UK satellite company takes on Musk and Bezos with communications network of future

Space X confirms deployment of 60 Starlink satellites

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Inmarsat has announced its plans for a groundbreaking network of communication satellites, dubbed ORCHESTRA. The “first of its kind” satellite constellation will combine the benefits of 5G networking with low-Earth orbit (LEO) and geosynchronous orbit (GEO) satellites into one integrated system. Rajeev Suri, CEO of Inmarsat, believes the bold plans are the “future of connectivity”.

Mr Suri said: “By combining the distinct quality of GEO, LEO and 5G into a single network, we will deliver a service that is far greater than the sum of its parts.

“Our customers will benefit from dramatically expanded high throughput services around the world. This is the future of connectivity.”

Today, the company owns and operates a handful of satellites that power mobile communications around the globe.

ORCHESTRA will see the company expand its network by 150 to 170 satellites over the next five years.

To reach this goal, Inmarsat is investing £71.7million ($100million) on the satellite fleet.

The technology company has described ORCHESTRA as a “revolutionary” approach that will meet the world’s growing demand for broadband access.

They promise “high-performance connectivity” just about everywhere, including demanding hotspots like ports, airports, sea canals and flight corridors.

The goal is to build “the communications network of the future”.

And why is the project called ORCHESTRA? Mr Suri explained: “An orchestra brings different instruments together, each supporting the other and playing its role in the masterpiece.

“We’re building ORCHESTRA on the same concept.”

NASA: Expert compares SpaceX to UK’s OneWeb

Inmarsat’s most obvious competitors at this stage are going to be SpaceX’s Starlink and Amazon’s Project Kuiper.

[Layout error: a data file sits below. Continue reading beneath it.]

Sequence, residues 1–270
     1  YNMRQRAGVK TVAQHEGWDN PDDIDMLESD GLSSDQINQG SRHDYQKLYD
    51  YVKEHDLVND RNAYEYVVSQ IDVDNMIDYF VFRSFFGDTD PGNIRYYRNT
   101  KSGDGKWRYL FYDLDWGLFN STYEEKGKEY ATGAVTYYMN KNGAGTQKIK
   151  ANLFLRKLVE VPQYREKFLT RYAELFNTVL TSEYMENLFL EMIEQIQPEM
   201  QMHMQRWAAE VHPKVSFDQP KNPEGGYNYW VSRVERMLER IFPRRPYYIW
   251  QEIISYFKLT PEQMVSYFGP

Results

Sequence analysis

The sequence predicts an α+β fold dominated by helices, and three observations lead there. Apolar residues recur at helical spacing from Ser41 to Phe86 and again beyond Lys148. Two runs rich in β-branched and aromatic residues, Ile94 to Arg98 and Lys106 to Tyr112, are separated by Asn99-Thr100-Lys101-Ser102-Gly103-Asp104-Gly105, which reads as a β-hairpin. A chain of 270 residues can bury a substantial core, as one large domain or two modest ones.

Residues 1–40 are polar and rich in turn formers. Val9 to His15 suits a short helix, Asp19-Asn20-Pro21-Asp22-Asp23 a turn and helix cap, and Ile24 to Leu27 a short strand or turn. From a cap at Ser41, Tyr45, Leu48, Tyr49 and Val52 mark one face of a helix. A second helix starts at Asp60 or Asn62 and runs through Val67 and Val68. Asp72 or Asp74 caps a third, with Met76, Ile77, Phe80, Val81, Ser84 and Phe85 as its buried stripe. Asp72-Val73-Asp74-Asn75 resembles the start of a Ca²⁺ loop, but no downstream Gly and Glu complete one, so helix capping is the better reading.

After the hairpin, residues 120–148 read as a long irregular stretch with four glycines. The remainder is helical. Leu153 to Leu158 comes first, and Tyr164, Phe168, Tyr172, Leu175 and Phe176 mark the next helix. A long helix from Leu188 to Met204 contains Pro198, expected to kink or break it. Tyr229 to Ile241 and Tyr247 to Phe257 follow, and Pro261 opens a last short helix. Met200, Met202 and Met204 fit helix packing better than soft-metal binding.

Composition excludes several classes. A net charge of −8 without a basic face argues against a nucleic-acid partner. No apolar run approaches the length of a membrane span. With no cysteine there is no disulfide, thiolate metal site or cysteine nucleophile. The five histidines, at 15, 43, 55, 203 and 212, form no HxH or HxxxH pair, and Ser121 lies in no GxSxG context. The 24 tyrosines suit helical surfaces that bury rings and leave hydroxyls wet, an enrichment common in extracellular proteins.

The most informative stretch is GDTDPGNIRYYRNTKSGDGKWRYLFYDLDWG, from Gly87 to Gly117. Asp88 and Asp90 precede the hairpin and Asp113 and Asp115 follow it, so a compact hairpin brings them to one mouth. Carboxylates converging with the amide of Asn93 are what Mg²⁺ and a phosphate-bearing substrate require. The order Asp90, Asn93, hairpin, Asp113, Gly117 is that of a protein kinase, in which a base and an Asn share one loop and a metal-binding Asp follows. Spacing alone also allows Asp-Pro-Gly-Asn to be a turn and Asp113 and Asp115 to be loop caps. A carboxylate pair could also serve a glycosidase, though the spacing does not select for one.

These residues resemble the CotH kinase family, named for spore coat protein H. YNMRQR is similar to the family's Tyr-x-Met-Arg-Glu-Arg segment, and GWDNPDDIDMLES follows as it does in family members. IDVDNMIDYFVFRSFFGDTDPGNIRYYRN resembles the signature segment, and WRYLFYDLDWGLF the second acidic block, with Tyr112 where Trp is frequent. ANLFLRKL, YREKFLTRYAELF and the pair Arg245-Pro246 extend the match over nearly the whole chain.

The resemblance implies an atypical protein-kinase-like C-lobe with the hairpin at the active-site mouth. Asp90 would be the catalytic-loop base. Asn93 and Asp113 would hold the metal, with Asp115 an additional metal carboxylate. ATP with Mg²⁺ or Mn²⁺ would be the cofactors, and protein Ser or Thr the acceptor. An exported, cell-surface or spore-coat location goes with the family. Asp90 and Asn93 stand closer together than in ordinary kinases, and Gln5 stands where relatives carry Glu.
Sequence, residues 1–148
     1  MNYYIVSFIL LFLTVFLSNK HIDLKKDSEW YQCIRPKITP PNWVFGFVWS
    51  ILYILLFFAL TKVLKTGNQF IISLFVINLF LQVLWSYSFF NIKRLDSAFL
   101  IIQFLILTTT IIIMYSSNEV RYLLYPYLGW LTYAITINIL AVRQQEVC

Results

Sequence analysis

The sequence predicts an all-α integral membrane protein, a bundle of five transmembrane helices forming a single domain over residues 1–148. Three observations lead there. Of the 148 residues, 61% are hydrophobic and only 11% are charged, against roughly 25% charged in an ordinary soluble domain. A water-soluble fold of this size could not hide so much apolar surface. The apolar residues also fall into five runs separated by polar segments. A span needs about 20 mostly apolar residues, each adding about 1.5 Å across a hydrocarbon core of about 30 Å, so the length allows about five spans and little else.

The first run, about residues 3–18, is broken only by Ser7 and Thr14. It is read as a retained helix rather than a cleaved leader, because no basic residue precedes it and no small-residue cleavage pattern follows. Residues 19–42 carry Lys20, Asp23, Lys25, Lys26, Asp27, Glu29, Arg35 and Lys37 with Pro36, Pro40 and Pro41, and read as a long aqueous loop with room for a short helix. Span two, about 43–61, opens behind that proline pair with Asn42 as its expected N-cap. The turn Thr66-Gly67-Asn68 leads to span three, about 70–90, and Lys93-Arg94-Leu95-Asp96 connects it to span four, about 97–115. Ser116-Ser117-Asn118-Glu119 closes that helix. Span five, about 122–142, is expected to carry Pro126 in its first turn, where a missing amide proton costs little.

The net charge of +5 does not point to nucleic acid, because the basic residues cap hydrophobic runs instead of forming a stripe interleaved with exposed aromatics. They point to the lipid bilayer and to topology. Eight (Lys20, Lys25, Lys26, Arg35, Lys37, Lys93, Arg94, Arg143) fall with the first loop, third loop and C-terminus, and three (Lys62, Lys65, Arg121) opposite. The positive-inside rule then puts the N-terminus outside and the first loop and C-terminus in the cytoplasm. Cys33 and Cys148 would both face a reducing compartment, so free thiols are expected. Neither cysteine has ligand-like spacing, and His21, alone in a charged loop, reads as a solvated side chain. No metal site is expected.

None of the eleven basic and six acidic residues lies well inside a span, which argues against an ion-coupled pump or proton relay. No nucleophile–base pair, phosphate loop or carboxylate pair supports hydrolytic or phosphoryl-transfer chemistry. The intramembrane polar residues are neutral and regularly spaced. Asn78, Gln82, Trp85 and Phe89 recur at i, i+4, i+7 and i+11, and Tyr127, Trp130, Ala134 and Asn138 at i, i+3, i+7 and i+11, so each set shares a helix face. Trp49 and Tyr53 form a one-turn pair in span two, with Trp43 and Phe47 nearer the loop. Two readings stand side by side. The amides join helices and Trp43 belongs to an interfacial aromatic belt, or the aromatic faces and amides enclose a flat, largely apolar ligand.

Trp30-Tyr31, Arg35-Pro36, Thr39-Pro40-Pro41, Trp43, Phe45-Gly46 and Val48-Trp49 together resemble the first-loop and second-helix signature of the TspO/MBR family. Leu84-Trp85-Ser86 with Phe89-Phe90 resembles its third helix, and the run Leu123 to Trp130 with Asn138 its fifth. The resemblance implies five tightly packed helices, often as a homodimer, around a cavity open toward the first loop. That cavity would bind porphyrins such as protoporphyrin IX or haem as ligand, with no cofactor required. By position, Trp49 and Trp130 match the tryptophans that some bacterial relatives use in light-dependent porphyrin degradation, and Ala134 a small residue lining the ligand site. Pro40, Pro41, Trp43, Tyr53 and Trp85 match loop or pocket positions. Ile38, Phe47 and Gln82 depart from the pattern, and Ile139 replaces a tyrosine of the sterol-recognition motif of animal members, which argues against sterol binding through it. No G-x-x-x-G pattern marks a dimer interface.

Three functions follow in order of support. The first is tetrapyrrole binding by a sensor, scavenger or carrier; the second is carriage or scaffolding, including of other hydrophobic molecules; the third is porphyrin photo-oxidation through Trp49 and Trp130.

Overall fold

Starlink, in particular, is already well on its way towards building a network of internet-beaming satellites.

Although still in beta, the Starlink service is expected to go global before the end of 2021.

Gwynne Shotwell, COO of SpaceX, has confirmed this summer Starlink customers will be offered a continuous service by September.

As of May 2021, Elon Musk’s company has launched more than 1,700 satellites, although the constellation is expected to hit 42,000 units.

The company recently said it now serves some 90,000 customers across 12 countries.

Unlike Inmarsat, Starlink’s satellites will only operate in LEO, between 200 and 400 miles above Earth.

The British company will also have to compete with Amazon’s Project Kuiper.

Announced in 2019 as a subsidiary of Amazon, the company aims to deploy a large satellite constellation to provide space-based broadband.

In July last year, the US Federal Communications Commission (FCC) has approved Kuiper’s plans to operate a constellation of 3,236 satellites.

Dave Limp, Senior Vice President at Amazon, said at the time: “There are still too many places where broadband access is unreliable or where it doesn’t exist at all. Kuiper will change that.

“Our $10billion (£71billion) investment will create jobs and infrastructure around the United States that will help us close this gap.”

Another UK company, OneWeb, has also taken on SpaceX’s Starlink following a whopping £360million investment.

The OneWeb constellation will also operate a broadband service from LEO.

The company has previously filed for bankruptcy but has been resurrected by the Indian company Bharti Global.

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